Think of “identity theft” as a catch-all term that encompasses many different scams that share the common hallmarks of fraud. Tax identity theft is where a criminal uses your social security number to file your taxes and claim your refund before you do. Medical identity theft means your information is used to get medical care, prescription drugs, or run up bogus charges on your ID number. Child identity theft is when a thief uses a minor’s name, birth date, and information to obtain credit and create debt on the child’s name. The list goes on.
When it comes to protecting your home and mortgage, there are two different identity-theft schemes to be aware of: home-title fraud and mortgage fraud.
Home-title fraud occurs when a criminal obtains the deed to your home through fraudulent means and then secures loans using the home as collateral. (Or just sells it out from under you.) Once considered rare, this type of identity theft is a rapidly growing area in cybercrime. It is the end game of many steps in a larger process likely involving multiple criminal acts. First steal your personal information, then some passwords, some phony document transfers online, a little bit of wire fraud. Criminals max out the money they can pull from the house with the true owner unaware until foreclosure is happening. Popular targets of home-title fraud are elderly people with a lot of equity in their homes and wealthy people that own multiple homes. Criminals know these groups might not pick up on the clues that something phishy is going on.
The other type of identity theft crime that can threaten your home is mortgage fraud. One way mortgage fraud occurs is when a buyer or seller lies on an application. It is also mortgage fraud when an identity thief steals a person’s account number to obtain a second mortgage or home equity line of credit.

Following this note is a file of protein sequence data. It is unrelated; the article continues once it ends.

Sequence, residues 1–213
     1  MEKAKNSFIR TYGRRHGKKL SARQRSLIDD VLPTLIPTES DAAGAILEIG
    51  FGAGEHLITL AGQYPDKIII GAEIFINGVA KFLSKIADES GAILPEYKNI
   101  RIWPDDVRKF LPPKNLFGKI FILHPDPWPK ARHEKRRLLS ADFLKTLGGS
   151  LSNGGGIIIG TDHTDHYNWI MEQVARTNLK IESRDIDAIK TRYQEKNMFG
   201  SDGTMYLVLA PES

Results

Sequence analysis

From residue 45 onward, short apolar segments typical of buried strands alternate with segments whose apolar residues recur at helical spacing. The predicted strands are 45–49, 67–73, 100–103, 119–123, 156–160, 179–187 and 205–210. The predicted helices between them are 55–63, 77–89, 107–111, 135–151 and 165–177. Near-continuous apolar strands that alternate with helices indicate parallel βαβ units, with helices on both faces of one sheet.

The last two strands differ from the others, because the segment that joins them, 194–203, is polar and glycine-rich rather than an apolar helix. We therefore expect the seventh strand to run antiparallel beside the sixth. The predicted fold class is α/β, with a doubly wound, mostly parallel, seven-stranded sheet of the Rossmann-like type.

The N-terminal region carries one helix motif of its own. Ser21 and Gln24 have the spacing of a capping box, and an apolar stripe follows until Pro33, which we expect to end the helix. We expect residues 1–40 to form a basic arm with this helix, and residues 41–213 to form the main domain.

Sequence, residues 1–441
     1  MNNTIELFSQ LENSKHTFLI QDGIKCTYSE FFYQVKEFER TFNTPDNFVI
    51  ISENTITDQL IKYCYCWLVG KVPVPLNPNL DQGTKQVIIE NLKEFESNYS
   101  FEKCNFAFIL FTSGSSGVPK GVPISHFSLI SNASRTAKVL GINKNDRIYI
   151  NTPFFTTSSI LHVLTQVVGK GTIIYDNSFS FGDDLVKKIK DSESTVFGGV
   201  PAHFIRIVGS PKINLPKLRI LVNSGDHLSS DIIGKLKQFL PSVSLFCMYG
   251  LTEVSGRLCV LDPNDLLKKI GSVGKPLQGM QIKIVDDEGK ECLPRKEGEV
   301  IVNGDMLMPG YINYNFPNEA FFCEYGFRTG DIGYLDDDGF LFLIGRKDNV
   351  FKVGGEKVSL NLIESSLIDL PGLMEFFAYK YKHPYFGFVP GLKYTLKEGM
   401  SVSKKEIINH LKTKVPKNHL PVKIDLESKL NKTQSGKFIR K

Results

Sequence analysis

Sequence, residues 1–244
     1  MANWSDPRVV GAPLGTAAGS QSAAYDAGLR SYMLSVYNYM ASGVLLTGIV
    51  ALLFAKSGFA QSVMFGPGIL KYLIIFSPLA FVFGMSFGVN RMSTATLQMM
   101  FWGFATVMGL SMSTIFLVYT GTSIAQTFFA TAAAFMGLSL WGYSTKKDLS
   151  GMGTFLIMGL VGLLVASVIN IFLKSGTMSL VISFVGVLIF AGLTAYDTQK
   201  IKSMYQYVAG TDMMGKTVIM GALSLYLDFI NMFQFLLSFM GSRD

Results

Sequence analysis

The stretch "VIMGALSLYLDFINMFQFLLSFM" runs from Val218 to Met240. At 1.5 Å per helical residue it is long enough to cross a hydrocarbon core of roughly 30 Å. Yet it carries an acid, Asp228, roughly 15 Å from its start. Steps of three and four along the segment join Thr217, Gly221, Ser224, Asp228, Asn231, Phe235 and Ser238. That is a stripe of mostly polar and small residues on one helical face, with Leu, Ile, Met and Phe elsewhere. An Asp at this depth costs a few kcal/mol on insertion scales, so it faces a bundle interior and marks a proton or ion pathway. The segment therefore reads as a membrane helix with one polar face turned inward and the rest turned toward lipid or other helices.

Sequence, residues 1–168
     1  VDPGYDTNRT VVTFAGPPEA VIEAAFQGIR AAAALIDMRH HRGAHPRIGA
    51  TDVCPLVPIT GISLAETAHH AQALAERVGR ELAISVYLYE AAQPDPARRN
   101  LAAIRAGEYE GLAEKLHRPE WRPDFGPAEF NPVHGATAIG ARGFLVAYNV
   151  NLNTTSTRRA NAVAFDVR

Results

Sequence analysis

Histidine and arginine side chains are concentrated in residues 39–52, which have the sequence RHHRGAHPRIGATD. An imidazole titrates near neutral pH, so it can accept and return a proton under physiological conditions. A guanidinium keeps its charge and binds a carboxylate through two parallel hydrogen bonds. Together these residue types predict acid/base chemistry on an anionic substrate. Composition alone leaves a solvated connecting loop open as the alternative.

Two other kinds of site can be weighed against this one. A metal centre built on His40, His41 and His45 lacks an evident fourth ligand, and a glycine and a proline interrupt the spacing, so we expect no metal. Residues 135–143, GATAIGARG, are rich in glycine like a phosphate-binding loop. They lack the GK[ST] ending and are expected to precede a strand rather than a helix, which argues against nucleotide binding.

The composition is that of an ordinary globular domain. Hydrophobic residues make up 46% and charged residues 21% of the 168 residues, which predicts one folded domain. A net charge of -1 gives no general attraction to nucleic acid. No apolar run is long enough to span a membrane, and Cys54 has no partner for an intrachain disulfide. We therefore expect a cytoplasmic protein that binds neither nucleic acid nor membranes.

Here are three simple steps to help you avoid identity theft that threatens your home or mortgage:
Check your credit regularly.
There are numerous free ways to check your credit score. You are entitled to one free report annually, but banks, credit cards, and independent apps allow for free real-time monitoring. Any change in your score is explained. You can catch the scheme in the early stages with regular and ongoing credit score monitoring.
Give yourself a security check-up
Identity theft crimes that threaten your home or mortgage start with small interceptions of data. Protect yourself with an honest personal inventory of how easy you are making it for them. How secure are your passwords? Are they all the same thing? Have you used public WiFi or less-than-secure sites? Physical paperwork that isn’t secure can also provide a gateway for thieves. Are your mortgage and home documents sitting where a repair-person or ne’er-do-well-relative could find them? Do you shred documents with account numbers on them? Or could a thief find them in a recycling pile or landfill?
Proceed with skepticism and vigilance
Be wary of giving out any personal information. Use the security features on your phone and computer to keep the thieves out. Check your login history and device history on sites that have your personal or credit card information. Regular monitoring of your credit, your logins, your bank accounts, and your information disclosures are the best way to keep yourself protected.
The professionals at the Law Offices of Jeffrey Lohman specialize in cases of identity theft, mortgage fraud, and home title fraud. Our team has experience in helping victims; we stop thieves, prevent foreclosures, and fix damaged credit. Get help from us today.